I want you to choose between two players.
Player 1 will turn 31 this summer. He has played 98 playoff games.
Player 2 will turn 31 next winter. He has also played 98 playoff games, and let me take a moment to thank him for that, because it makes this comparison almost perfect.
Player 1's career postseason numbers: 22 goals, 41 assists, plus-19.
Player 2's career postseason numbers: 31 goals, 45 assists, plus-4.
Which player would you rather have?
I'll give you a moment to think about it. (I'm whistling ... whistling ... OK, time's up.)
Have you made your choice? Good.
Player 1 is Pavel Datsyuk.Player 2 is Hossa.
That's just beautiful. And before I hear the "But Tim, didn't pretty much everyone think Datsyuk was a playoff choker early in his career" comments, yes, you're right. How could we not think that when after scoring 3-3--6 in 21 games in his first playoff run, he then went 3 seasons and 21 games without a goal in the postseason.
But with 49 points in his last 56 playoff games, you'd think he has shed that label by now. And notice that he's getting the benefit of the doubt for his postseason performance, where he only scored one goal even before he missed games with a broken foot. That wouldn't have happened several years ago.
Now look at Hossa. Datsyuk's 49 points in 56 games has been enough to shed his label as a perennial underachiever (more due to 39 points in 40 games over the 07 and 08 playoffs than what he did this year). Well, Hossa has had 41 points in 43 games over the past two playoff years (including this year where he was an "underachieving choker") and has 46 points in his last 54 playoff games. Pretty darn comparable to the best of Datsyuk's career, no?
Then when you factor in that Hossa, in addition to the numbers above, has an additional season where he scored 16 points in 18 games and another where he scored 10 points in 12 games, it becomes exceedingly difficult to see why he's been labeled as someone who can't perform in the postseason.
Let me be perfectly clear: The 16 points in 18 games (when he led the Sens in scoring by 5 points) and 10 points in 12 games were not factored into his numbers that are almost identical to the best playoff stretch of Pavel Datsyuk's career.
Outside of the past 3 playoffs for Datsyuk, he has 42 games played and a line of 3-12--15. Outside of the past 4 playoffs for Hossa (to get the numbers above equivalent), he has 44 games played and a line of 10-20--30.
Hossa is younger, he's outperformed Datsyuk in the playoffs consistently, he's money in the regular season as well, and yet the same people who couldn't praise Ken Holland enough for locking Datsyuk in for years at a reasonable $6.7 million per year absolutely despite the idea of Hossa coming back, even for what could be as low as a $4 million cap hit.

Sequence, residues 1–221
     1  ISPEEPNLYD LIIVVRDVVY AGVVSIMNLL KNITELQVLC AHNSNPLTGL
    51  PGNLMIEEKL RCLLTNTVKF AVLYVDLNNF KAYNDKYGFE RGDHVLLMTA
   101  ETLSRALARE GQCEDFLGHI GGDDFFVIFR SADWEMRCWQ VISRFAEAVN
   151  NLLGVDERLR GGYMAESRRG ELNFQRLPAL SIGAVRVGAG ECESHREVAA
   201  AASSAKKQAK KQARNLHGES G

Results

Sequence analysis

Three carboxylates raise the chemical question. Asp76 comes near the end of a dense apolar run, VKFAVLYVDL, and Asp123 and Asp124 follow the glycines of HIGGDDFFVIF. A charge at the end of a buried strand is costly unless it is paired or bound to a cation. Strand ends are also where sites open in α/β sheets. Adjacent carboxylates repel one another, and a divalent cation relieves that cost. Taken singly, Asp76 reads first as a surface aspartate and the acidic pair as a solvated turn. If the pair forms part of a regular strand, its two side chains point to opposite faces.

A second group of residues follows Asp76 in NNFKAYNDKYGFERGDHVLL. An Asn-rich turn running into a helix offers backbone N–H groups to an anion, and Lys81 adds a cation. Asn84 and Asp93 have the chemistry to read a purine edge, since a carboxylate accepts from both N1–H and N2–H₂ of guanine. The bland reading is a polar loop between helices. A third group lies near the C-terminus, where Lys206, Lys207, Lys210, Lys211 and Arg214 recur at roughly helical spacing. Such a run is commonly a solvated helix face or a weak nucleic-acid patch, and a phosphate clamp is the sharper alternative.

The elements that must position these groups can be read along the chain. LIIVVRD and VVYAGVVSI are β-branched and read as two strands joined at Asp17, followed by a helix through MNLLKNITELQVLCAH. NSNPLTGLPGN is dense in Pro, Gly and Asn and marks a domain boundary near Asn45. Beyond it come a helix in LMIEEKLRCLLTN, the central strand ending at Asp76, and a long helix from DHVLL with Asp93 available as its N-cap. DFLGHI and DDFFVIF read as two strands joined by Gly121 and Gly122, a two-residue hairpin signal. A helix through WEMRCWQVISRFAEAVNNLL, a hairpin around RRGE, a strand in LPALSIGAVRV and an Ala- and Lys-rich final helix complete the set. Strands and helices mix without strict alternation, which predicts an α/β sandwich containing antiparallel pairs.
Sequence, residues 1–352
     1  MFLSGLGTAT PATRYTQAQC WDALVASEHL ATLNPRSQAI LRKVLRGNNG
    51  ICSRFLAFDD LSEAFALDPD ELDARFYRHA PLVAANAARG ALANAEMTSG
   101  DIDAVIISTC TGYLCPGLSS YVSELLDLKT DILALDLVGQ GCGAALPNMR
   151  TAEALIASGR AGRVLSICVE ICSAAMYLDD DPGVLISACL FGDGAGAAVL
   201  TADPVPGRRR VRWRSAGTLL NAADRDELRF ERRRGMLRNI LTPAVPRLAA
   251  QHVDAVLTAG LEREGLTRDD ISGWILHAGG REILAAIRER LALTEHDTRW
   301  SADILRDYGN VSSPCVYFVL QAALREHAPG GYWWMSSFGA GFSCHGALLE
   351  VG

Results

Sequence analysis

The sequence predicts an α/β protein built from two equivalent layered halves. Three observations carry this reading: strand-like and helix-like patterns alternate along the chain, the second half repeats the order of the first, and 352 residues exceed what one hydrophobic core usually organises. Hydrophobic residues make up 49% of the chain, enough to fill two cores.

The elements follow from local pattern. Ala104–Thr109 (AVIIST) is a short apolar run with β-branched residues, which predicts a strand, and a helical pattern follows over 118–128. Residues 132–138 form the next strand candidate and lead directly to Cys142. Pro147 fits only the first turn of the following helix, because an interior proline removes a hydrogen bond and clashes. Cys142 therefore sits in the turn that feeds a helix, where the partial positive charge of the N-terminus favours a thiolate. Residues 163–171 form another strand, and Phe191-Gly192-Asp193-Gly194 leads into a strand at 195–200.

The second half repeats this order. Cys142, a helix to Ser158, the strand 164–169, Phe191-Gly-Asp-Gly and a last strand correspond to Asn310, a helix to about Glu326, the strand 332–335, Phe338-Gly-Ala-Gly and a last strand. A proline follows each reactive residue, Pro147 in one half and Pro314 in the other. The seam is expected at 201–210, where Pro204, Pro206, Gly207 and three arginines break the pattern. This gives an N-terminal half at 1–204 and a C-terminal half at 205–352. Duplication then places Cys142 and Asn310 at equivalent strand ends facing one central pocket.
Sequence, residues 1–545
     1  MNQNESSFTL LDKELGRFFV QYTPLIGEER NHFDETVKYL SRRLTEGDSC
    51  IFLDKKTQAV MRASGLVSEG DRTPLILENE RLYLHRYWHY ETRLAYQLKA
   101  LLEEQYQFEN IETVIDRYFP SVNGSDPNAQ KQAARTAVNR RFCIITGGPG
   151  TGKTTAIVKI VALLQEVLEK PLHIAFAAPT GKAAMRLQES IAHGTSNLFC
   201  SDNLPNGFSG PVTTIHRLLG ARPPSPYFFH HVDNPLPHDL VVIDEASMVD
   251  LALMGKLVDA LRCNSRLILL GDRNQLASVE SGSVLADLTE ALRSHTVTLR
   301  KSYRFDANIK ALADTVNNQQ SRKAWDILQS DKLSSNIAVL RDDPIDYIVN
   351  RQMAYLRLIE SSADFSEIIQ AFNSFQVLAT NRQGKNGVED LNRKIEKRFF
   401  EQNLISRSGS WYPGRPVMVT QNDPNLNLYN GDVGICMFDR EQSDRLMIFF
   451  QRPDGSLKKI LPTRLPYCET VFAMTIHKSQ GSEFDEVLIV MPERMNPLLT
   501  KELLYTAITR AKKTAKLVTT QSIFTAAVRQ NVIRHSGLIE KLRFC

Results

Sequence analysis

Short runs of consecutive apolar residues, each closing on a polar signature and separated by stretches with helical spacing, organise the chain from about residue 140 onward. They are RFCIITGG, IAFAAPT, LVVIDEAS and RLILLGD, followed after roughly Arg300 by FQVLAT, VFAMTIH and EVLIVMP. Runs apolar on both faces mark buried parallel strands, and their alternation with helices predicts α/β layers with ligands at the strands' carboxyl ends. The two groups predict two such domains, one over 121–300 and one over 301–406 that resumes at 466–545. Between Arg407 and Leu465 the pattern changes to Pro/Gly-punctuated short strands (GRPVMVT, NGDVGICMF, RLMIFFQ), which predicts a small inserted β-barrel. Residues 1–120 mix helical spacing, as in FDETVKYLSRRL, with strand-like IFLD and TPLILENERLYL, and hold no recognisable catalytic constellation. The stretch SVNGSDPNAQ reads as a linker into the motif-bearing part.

The idea that the Red Wings could keep a 40-goal scorer who is one of the top defensive forwards in the National Hockey League for just a tick more than they're paying Brad "Buzzkill" Stuart should have anyone turning backflips. Aside from players still on their rookie contracts, there might not be a better bargain in the NHL if those numbers are accurate.
So, thank you Mike Rosenberg for being one of the few people out there who seems to get it.
Hell, I'm not done yet. Alright, so one of the other myths out there is that Hossa has only had one good year in the playoffs (last year for the Penguins when he had 26 points in 20 games). Let's take a look at that one, shall we?
In 2002-03, he led the Senators in scoring by 5 points over 18 games when he had 5-11--16.
In 2001-02, he was second on the Senators in scoring with 10 points in 12 games (Alfredsson had 13 points).
In 2003-04, when they lost in seven games, he had 3-1--4 and was the only player on the entire team to score more than one goal.
In 2000-01 they were swept and scored three goals in the series. Hossa was in on two of them, with a 1-1--2 line. (Note that I'm not calling this a "good" year in the playoffs, but when you're in on 2/3 of your team's goals, there are bigger problems on the roster.)
Then there was last year when he led the Penguins in goals and finished one point behind Crosby for the team lead.
It's just kind of interesting how perception becomes reality when everyone (Versus/NBC analysts, I'm looking at you) is too lazy to look at the stats.
WCH has some good Wolverine-related stuff today. USA Hockey released their list of guys who will be competing for spots on the World Junior team. They invited four goalies, 15 defensemen, and 24 forwards--so roughly half will make it. Included in the invitees are Jack Campbell, AJ Treais, David Wohlberg, Robbie Czarnik, and Kevin Lynch. (Also former Michigan commit AJ Jenks is on the list.)
Based on the sites I've seen, Campbell seems to be a favorite to nab one of the goaltending positions, and why not with the way he played at U18s and the way he played all year against international competition? Great for him, potentially not great for us assuming he's more Al Montoya than Thomas McCallum when he's there.
WCH also continues his draft profiles with a look at Wolverine forward Chris Brown.